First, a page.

The latest U.S. Census Bureau American Community Survey reports that 1,301,443 people in the U.S. speak French at home.This includes speakers of French dialects, such as Patois and Cajun, who are over 5 years old. In fact, French is the fifth most common non-English language spoken in U.S. households, after Spanish, Chinese, Vietnamese, and Tagalog.
Francophone communities in the United States have many different historical and geographic origins.Some Francophone communities trace their lineage as far back as the seventeenth and eighteenth centuries, when settlers and refugees immigrated from Europe and Canada. These groups, such as the Acadians of Maine and Louisiana have passed their language down through the generations. Other communities of French speakers arrived in the U.S. more recently, mainly from France, Haiti, Senegal, Côte d’Ivoire, and other African countries.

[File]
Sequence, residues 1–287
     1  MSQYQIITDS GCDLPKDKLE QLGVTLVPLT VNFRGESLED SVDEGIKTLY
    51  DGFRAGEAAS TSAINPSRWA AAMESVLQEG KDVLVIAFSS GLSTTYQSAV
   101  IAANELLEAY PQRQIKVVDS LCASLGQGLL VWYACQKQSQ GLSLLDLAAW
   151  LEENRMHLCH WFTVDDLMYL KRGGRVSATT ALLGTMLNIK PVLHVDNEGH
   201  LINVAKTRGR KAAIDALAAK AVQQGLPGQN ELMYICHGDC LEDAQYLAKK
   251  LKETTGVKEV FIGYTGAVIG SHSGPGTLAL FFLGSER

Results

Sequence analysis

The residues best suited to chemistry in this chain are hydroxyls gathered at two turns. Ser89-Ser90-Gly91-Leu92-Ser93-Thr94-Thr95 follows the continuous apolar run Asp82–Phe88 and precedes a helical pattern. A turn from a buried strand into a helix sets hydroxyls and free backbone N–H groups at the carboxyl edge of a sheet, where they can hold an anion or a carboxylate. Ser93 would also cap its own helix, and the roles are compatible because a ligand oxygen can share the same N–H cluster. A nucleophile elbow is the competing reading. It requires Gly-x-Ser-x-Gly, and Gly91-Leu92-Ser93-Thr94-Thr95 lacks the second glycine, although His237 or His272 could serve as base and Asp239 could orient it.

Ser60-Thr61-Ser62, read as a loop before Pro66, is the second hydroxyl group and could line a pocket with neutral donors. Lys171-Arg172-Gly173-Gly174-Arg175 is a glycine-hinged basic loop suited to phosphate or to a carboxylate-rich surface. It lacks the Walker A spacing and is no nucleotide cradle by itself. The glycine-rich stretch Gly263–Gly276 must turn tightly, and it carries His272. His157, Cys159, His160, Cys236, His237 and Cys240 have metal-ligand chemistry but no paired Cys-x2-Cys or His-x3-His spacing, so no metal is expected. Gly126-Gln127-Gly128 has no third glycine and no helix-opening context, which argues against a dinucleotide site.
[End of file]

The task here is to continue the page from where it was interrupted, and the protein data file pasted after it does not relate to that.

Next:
Franco-American communities long-established in New England and Maine, but most notably the Cajuns and Houma people of Louisiana, have begun to revitalize the French language after years of neglect due to prolonged discrimination within their local communities. Meanwhile, French parents within expatriate communities have managed to create bilingual programs and promote French after-school instruction in public schools in urban centers such as New York, Miami, Houston, Boston, Los Angeles, San Francisco, and other areas which stand out on the map above. Together these groups form a diverse community of heritage language speakers who maintain a strong connection to the French language, making it one of the most vibrant languages spoken everyday in the United States.